Latinx advocates have been leaders and partners in the strong health advocacy work across the country. In Virginia, advocates played a key role in the recent Medicaid expansion victory. Policy-level organizations like the Virginia Oral Health Coalition (VaOHC) and community-based groups like the Virginia Coalition of Latino Organizations (VACOLAO), who worked together on the Medicaid expansion campaign, continue their strong partnership to improve the oral and overall health of communities across Virginia.
I recently sat down with Beatriz Amberman from VACOLAO and Sarah Bedard Holland from VaOHC to understand how they work together and, specifically, how VACOLAO’s organizing as part of Latinx communities in Virginia has been invaluable to the state’s strong oral health advocacy infrastructure. Two main themes highlight what makes their strong partnership work so well:
- Taking the time to build authentic relationships: Both Beatriz and Sarah expressed multiple times how much they respect each other and like working together. Their relationship emerged and continues to be strengthened over a long-term partnership that has spanned different advocacy strategies and policy issues, such as expanding Medicaid and improving access to care. Investing in these relationships is an important component of building strong health advocacy coalitions in oral health as well as other health advocacy areas.
- The importance of a collaborative flow of information, skills and expertise: Beatriz has been an integral member of VaOHC’s legislative committee, bringing a grassroots perspective into the room and creating a bridge between policy and community. Beatriz also brings a local perspective that might not otherwise be top of mind given the statewide focus of VaOHC. For example, Beatriz has highlighted the community impact of proposed changes to the “public charge” rule, which has resulted in VaOHC taking a public stand against this policy change and sending out information and advocacy resources to their followers via email and social media. Recognizing lived expertise as an advocacy skill that is integral for effective policy change is key. It has also been helpful for VACOLAO to have a direct connection to folks doing statewide policy work, so they can take that information back to their community.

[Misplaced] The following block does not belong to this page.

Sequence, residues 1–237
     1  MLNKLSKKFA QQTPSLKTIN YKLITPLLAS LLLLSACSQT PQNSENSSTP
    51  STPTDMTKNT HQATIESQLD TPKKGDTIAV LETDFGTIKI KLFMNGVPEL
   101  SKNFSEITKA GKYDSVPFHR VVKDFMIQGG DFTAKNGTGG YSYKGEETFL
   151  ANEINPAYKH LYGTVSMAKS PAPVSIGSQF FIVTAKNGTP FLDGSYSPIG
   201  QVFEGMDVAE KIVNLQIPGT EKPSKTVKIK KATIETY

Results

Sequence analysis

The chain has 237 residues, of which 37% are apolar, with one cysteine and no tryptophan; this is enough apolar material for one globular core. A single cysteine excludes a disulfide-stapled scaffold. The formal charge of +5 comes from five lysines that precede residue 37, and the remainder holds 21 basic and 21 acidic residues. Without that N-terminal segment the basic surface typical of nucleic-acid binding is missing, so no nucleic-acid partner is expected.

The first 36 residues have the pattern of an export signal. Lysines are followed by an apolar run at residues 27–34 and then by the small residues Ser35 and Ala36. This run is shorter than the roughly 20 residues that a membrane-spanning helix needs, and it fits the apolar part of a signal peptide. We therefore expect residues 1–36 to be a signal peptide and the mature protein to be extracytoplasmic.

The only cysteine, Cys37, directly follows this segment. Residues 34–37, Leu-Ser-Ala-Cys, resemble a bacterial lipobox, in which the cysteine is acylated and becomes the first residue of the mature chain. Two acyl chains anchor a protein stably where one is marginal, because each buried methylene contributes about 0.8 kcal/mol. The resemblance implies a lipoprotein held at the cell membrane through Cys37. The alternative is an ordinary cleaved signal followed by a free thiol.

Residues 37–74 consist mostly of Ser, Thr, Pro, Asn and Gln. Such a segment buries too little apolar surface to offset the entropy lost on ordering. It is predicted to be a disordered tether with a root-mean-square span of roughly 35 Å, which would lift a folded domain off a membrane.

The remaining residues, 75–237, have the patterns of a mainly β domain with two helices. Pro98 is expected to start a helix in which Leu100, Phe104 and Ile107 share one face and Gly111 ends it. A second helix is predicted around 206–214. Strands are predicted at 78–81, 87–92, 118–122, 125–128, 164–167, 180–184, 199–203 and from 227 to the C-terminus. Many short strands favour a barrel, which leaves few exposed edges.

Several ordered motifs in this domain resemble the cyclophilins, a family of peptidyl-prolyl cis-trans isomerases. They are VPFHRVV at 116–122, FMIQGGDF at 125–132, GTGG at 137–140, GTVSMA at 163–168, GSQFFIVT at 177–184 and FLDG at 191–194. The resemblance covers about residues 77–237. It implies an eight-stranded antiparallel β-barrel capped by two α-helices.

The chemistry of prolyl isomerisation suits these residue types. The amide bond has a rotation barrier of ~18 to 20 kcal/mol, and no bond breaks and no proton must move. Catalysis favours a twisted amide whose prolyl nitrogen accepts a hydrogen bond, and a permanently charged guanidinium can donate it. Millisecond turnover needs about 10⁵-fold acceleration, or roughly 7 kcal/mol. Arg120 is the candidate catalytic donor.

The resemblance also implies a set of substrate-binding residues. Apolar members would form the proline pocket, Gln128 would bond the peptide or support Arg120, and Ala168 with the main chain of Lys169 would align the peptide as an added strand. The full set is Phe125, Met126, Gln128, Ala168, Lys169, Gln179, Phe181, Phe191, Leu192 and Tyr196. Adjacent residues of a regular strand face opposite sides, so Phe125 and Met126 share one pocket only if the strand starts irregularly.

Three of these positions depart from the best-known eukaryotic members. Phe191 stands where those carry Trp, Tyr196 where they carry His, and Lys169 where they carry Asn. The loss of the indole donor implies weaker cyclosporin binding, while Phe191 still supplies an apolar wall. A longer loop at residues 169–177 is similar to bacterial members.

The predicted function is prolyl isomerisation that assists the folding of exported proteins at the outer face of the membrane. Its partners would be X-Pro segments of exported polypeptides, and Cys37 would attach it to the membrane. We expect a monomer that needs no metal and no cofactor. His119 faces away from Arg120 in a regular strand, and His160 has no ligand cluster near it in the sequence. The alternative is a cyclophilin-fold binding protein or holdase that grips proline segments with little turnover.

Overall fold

Public Charge: Partnership in Practice
VACOLAO and VaOHC have put their collaboration into action as the two organizations work together to push back against the Trump administration’s recent proposed changes to the public charge rule, which would limit immigrants’ access to public health and social services. Changes to this rule would devastate families and worsen the chilling effect already taking place in immigrant communities across the country, where families are dis-enrolling from health programs they are eligible for, such as Medicaid, or forgoing seeking dental or other medical care for fear of deportation. Even though this policy change isn’t explicitly related to oral health, the VaOHC has followed VACOLAO’s leadership in advocating against it. Beatriz has a local focus and has brought anecdotal information about the fear many Latinx families are feeling about enrolling in public benefits or even going to medical appointments to VaOHC’s legislative committee. Because of the longstanding relationship between VACOLAO and VaOHC, Beatriz is a trusted voice who has been integral in VaOHC’s understanding of the oral health impact of the public charge rule in Latinx and immigrant communities and making sure that health remains an equity issue.
VaOHC’s recognition of the lived expertise VACOLAO brings to policy advocacy, and an advocacy strategy that is nimble and inclusive enough to support issues that seem to be outside the scope of their traditional policy priorities, provides a great example of how community engagement in policy advocacy looks in practice.
If you have questions about or are interested in getting involved with advocacy around the public charge rule, reach out to Senior State Advocacy Manager Alberto González.